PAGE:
George Washington declared that a Thursday in November should be directed to “the service of that great and glorious Being, who is the beneficent Author of all the good that was, that is, or that will be.” President Obama reaffirmed this last year, declaring that Thanksgiving is a time for Americans to “be mindful of the grace bestowed upon us by God.”

Where does that leave nonreligious Americans? The issue of nonreligious prayer came up recently as the U.S. Supreme Court considered a case where citizens protested the use of prayer in public meetings in a New York town. During the hearing, Justice Antonin Scalia asked, “What is the equivalent of prayer for somebody who is not religious?” That pregnant question was left unanswered by the court.

To pursue this matter, I contacted professor Daniel Dennett at Tufts University, a prominent defender of humanism. Dennett explained in an email, “In silent soliloquy or public pronouncement we can resolve to ourselves to do better, to suppress our bad habits and natures, and we can express, silently or aloud, our allegiance to some cause or institution or group. We can ask for forgiveness, make promises, declare love. All these highly important — maximally important or sacred — themes can be laundered of all religious overtones and remain as solemn, life-defining speech acts.”

Dennett is right. Nonreligious people can make public affirmations and engage in silent soliloquy. They can make solemn, life-defining pronouncements. But are these nonreligious speech acts really prayers?

A prayer is a petition to the deity, usually soliciting a blessing. To pray means literally to ask, beg, request or plead. Prayers can also express admiration, worshipful awe and thanksgiving. Prayers can be shared in public. They can also be unspoken and private.

Whether spoken or silent, religious prayer has an intended recipient. Prayerful words are directed toward a deity, who is presumably powerful enough to hear even our silent supplications. This divinity is supposed to respond to our entreaties and to appreciate adulation. Religious people from different faiths may disagree about who is being petitioned, thanked or worshiped. But they agree that there is someone out there to whom their prayers are addressed.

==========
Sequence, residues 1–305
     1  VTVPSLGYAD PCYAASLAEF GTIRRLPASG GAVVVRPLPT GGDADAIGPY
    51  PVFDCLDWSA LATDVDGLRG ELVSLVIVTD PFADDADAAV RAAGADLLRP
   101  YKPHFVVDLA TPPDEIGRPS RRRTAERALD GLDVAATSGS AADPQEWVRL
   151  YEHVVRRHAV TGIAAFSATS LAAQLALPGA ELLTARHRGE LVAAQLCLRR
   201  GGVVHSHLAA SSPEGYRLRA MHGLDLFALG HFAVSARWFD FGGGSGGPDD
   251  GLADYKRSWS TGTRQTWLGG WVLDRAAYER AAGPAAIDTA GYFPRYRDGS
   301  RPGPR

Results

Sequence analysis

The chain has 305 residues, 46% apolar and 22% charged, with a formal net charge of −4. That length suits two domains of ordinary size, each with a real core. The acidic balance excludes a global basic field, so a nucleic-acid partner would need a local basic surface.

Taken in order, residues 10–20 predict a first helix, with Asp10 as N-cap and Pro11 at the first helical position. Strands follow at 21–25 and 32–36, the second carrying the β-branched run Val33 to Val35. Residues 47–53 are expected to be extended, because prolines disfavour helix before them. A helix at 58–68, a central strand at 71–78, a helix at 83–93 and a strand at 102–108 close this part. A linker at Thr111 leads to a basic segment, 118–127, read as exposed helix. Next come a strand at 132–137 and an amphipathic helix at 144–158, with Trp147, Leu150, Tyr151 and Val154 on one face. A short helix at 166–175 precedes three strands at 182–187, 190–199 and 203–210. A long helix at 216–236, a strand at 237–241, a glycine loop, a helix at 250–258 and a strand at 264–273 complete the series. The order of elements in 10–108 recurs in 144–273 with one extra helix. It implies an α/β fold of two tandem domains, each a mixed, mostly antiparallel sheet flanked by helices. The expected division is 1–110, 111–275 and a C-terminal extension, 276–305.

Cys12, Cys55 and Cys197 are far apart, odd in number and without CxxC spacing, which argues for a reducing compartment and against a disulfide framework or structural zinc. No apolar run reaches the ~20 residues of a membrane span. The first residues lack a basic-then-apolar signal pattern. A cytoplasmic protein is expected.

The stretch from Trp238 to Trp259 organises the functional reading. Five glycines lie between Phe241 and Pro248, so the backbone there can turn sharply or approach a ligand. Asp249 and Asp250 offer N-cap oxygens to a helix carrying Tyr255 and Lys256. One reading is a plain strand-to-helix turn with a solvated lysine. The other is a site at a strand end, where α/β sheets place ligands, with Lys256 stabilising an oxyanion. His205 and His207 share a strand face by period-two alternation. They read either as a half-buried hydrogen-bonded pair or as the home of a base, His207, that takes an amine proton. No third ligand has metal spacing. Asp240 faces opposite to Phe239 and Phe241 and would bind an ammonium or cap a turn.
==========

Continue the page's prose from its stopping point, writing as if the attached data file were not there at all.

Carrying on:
And that is where the nonreligious will shake their heads instead of bowing them. Atheists do not think there is a divine recipient of prayerful words. Although atheists can appreciate tacit reflection and benefit from public reminders of key values, atheists deny that a divinity can hear our prayers.

Humanistic atheists may be grateful to be alive. They may admire the complexity of the universe. They may have a sense of appreciation and awe. They may see the psychological benefit of guided meditation. They may even enjoy the poetic force of devotional words. But they won’t accept the metaphysics of prayer.

An atheist can whisper to herself before an exam, “I hope I do well on this test.” A team of atheists could affirm before a match, “Let’s work hard and do our best.” But it would be nonsensical for atheists to ask for God’s assistance in these endeavors.

There is a fundamental conflict here. This topic will inevitably offend somebody. There is no way to resolve a dispute in which one person’s deepest convictions are viewed by others as nonsense.

The best we can do is agree to disagree. Let’s admit that Scalia is right to suggest that nonreligious prayer is an oxymoron. But that’s exactly why, in our diverse society, we ought to be careful with public prayer.

On this issue, Thomas Jefferson may be a better guide than Washington or Obama. Jefferson refused to declare a public day of prayer when he was president. In a letter from 1808, he explained that the Constitution prevented him from meddling with religious exercises. He also explained that religious sects have an interest in this protection, since the right to decide about prayer should remain in the hands of citizens and not be foisted upon them by the government.

Thankfully, the First Amendment to the Constitution provides this protection to religious and nonreligious people. The government should not prohibit private prayer. Nor should it tell us when or how to pray (or not pray). Americans should be grateful for that protection, even though we will fundamentally disagree about the ultimate question of whom we ought to thank for the rest of our blessings.

 

Read more here: http://www.fresnobee.com/2013/11/15/3611459/ethics-this-thanksgiving-be-thankful.html#storylink=cpy